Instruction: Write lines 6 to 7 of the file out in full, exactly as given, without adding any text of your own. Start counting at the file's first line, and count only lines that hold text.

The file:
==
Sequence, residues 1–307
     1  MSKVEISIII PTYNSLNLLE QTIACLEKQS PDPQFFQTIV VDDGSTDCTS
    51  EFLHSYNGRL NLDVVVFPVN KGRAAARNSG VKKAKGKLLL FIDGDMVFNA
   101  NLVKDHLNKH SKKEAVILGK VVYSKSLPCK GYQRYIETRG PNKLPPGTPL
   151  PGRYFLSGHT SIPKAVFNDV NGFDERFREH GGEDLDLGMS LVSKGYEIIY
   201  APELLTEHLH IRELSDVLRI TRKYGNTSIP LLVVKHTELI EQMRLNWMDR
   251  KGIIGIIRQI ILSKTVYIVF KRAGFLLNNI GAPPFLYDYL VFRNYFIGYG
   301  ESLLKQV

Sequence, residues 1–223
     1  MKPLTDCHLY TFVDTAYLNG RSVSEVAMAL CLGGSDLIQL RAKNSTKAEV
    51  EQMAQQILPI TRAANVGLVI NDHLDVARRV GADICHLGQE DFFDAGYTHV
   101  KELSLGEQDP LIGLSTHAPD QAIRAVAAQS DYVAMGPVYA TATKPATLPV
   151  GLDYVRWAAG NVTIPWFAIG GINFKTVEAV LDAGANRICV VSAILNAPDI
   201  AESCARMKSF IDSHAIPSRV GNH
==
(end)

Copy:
   201  APELLTEHLH IRELSDVLRI TRKYGNTSIP LLVVKHTELI EQMRLNWMDR
   251  KGIIGIIRQI ILSKTVYIVF KRAGFLLNNI GAPPFLYDYL VFRNYFIGYG